local oscillator: This discussion leads me to believe that if we industry insiders would just stop buying these pieces of HD crap, sales would plummet; regular folks are too smart to buy them.  I admit I’m guilty — a know thy enemy kind of thing, but I’m quitting right now, cold turkey. I feel better already!

Nick: I’m probably responsible for 10% of the HD radio sales in my market.

Savage: And I would suspect that the return rate on HD Radio sales to non-radio-industry civilians exceeds 50%.  (Can’t prove this, of course — “just a little hunchback at the office” — but I find it highly likely.)

Not that I’ve actually seen any HD Radios (other than car-audio head-end units) on display lately, but I can’t recall ever seeing any HD Radios out in stores that didn’t include open-box clearance pieces. The returns on these things must have been horrible. It’s been two years now since I’ve bothered to pursue it, but store managers always had attitudes of “make me an offer on that clearance thing,” nobody wants these or knows what they are, or — in the case of dearly-departed Circuit City — actually tried to talk me out of buying one. Guess he didn’t want to deal with yet ANOTHER return.

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2 Responses

  1. “Sangean Cancels Production Plans for DT600-HD”

    “Sangean now says it’s not planning to introduce an HD Radio portable that was to have included analog AM in the U.S. this year. Responding to a question from Radio World, a Sangean spokesman said the company decided not to go ahead with production of the DT-600 HD; he could not say why. The spokesman also said Amazon is not accepting pre-orders for the unit, as we had reported. Sangean had not answered Radio World’s query at the time that story was published. IBiquity had a prototype of the unit in its booth at CES and also at the spring NAB Show.”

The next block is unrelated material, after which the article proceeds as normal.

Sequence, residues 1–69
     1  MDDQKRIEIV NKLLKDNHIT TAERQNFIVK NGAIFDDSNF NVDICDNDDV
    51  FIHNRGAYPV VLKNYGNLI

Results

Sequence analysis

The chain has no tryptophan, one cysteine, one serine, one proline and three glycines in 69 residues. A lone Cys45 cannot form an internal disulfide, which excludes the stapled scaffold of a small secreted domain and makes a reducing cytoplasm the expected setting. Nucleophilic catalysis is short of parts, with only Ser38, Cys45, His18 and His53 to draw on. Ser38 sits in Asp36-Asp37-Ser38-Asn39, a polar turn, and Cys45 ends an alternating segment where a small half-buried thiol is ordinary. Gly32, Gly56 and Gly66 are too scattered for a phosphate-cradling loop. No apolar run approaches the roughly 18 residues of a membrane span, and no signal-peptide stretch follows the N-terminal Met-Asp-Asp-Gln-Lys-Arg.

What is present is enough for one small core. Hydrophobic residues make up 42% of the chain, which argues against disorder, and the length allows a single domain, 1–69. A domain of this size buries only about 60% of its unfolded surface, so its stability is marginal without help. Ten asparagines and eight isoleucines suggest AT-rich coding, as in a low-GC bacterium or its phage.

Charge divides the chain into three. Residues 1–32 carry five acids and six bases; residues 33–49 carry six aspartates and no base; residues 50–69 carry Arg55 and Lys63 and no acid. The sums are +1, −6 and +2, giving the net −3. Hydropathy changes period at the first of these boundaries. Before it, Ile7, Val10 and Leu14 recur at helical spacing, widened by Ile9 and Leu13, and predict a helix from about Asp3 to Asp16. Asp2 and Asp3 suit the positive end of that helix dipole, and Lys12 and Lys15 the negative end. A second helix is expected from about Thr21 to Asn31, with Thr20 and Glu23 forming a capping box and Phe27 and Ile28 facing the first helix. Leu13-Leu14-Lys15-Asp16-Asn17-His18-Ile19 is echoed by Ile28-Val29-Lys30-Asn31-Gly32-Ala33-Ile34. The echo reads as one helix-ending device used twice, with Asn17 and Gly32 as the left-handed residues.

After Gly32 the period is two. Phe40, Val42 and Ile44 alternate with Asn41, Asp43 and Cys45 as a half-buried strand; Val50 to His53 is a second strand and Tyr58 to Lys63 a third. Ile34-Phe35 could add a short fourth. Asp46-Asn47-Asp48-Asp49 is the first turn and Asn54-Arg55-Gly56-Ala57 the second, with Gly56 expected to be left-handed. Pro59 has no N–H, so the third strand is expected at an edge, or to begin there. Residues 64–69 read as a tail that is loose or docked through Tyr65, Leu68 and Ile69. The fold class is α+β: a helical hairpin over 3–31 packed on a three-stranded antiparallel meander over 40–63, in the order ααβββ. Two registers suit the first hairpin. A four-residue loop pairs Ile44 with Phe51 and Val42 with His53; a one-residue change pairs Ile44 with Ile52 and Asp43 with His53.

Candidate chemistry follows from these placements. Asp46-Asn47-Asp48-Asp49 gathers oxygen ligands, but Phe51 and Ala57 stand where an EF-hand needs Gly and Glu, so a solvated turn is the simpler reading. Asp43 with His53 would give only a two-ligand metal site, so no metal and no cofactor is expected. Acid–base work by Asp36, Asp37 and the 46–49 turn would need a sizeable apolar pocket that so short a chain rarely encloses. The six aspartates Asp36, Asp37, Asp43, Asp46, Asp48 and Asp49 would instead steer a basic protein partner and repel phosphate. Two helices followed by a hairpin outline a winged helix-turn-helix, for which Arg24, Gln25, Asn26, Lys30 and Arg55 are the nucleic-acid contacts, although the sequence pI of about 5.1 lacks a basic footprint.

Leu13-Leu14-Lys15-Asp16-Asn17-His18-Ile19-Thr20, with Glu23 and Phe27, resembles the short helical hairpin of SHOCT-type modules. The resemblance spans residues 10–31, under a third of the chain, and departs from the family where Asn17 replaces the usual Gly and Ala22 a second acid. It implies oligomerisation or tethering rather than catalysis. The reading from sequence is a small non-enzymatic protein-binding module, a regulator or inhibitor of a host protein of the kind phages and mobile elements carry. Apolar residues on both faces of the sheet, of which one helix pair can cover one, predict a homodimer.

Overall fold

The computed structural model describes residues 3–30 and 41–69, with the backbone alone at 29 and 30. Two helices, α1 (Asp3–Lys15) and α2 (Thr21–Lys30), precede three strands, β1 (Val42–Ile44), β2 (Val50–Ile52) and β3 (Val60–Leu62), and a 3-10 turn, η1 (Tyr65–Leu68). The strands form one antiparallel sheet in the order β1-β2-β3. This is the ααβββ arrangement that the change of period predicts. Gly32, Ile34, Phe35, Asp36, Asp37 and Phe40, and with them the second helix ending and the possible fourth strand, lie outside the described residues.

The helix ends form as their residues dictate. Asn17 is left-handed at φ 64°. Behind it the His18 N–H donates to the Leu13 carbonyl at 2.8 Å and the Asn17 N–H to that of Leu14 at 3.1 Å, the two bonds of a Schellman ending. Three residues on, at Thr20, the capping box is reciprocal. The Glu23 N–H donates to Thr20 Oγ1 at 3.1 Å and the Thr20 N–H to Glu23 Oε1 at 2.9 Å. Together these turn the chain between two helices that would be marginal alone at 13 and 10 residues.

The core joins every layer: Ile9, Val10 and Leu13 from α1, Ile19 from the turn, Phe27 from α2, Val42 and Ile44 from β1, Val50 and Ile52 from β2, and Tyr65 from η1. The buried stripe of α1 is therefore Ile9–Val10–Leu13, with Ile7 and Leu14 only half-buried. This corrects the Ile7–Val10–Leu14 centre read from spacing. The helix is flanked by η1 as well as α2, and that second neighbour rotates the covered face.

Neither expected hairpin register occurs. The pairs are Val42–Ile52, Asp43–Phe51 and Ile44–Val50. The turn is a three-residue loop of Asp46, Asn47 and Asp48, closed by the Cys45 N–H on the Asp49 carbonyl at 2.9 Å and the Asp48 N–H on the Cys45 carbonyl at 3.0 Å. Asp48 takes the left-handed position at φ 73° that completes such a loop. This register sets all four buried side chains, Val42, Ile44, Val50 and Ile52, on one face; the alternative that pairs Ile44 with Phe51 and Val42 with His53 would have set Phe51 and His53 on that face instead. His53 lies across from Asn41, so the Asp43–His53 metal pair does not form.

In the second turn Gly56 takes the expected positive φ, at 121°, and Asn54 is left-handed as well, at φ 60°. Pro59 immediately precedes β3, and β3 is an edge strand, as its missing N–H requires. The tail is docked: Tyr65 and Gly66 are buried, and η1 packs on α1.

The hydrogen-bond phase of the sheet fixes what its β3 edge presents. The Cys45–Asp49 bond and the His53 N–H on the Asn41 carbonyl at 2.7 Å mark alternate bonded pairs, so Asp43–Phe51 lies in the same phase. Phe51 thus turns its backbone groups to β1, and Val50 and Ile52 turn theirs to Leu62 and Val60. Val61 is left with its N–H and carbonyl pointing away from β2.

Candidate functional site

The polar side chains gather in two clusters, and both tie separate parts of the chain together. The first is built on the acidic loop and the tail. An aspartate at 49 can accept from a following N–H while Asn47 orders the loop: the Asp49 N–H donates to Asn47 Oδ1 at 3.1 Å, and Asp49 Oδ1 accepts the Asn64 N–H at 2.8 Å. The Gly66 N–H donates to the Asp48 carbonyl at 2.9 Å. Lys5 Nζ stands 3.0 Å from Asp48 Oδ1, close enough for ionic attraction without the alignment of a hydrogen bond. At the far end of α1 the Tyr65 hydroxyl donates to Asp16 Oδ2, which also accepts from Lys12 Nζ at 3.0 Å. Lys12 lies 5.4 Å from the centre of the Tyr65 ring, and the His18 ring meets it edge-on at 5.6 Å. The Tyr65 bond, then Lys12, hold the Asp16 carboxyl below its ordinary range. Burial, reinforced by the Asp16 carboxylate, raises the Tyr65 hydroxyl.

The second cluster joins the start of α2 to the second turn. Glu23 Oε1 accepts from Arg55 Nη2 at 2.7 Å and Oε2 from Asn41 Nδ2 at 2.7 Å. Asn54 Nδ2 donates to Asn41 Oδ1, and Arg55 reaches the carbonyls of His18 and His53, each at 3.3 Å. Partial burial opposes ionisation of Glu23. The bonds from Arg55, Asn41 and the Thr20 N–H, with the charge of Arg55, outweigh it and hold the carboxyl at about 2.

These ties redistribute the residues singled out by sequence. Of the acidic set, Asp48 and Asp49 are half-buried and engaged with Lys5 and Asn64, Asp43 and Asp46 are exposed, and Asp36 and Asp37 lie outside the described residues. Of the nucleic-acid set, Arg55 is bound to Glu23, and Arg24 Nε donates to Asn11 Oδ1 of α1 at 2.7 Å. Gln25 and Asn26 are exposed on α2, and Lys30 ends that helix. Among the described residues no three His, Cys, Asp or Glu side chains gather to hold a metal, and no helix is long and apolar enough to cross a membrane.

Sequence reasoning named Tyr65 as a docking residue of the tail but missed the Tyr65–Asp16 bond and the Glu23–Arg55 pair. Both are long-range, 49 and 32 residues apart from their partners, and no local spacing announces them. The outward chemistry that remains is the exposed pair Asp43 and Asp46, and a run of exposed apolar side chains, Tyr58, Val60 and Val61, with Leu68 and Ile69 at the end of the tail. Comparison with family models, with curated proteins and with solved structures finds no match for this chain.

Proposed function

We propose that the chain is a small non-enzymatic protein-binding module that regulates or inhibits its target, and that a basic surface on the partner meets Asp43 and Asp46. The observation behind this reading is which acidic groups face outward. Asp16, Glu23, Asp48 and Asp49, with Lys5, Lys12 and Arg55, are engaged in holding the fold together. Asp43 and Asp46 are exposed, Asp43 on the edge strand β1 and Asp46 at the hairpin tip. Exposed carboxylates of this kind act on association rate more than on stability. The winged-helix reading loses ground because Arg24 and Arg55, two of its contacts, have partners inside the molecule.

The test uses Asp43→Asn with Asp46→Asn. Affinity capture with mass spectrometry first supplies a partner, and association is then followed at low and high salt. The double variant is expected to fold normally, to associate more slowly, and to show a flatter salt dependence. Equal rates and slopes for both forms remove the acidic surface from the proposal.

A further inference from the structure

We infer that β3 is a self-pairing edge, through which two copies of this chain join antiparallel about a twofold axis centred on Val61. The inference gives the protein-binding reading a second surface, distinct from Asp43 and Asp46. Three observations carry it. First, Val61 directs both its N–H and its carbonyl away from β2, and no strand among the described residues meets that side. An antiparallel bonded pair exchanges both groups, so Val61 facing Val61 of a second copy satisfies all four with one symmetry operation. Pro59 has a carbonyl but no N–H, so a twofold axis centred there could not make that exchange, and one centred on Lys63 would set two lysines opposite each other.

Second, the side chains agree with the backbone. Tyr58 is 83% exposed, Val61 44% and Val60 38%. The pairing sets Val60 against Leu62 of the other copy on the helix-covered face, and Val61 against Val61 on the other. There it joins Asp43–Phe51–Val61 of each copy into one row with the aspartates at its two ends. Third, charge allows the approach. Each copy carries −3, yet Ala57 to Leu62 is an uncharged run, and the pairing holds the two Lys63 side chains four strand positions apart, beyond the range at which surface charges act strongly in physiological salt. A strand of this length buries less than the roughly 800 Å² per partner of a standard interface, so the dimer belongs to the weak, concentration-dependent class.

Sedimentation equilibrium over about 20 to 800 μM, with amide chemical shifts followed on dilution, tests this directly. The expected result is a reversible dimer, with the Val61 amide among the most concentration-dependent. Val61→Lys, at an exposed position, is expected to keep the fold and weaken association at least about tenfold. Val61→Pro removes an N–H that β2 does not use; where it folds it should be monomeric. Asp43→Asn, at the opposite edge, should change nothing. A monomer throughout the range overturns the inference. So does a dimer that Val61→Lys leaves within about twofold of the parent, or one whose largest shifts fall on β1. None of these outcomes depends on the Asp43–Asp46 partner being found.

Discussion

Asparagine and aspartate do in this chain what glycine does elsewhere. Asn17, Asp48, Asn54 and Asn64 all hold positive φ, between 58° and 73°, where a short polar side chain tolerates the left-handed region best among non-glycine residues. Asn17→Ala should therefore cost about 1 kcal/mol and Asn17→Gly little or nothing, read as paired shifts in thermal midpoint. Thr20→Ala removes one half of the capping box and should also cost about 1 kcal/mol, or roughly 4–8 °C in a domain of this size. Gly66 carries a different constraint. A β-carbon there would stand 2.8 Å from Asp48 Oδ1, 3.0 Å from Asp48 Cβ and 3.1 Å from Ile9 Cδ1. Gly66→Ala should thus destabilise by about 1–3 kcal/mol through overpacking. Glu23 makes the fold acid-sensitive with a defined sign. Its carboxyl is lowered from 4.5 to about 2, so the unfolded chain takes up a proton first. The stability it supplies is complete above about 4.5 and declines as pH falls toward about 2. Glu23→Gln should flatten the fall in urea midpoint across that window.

http://www.radioworld.com/article.aspx?articleId=104210&mnu_id=14

    Funny, he could not say why. Sangean must have signed iBiquity’s “best-practices” clause, which bans anyone from saying anything negative to the Press. I believe that the Insignias are the only portable HD radios available.

  2. “The ongoing tragedy of HD radio”

    “It’s true that the RadioShack Accurian is the most affordable way into the appealing new club that is HD Radio, but it’s costly for all the wrong reasons. One look underneath the base of an Accurian explains its $200 [now $150 on sale] price tag. There, a sticker reads: “HD Radio Technology Under License From iBiquity Digital Corporation.” Instead of developing a radio capable of superior sound quality, I’m guessing that RadioShack paid iBiquity a fortune for the license, cheaply put together a subpar product, and passed the licensing cost on to consumers. ”

    http://www.markramseymedia.com/2007/10/the-ongoing-tragedy-of-hd-radio/

    Although this article was written over three years ago, the iBiquity chipset royalties must still be high, despite claims by Struble that he is selling millions. I suspect that return rates are very high, which hopefully count against him. The Insignia portables are flimsy junk, if one reads the few Best Buy reviews. Also, the new Insignia may not receive the album artist picture, as it may not be implemented at stations for years. Most of the costs are probably going to royalties, so manufacturers make junk HD radios, and retailers pass the licensing costs onto consumers, just like the automakers.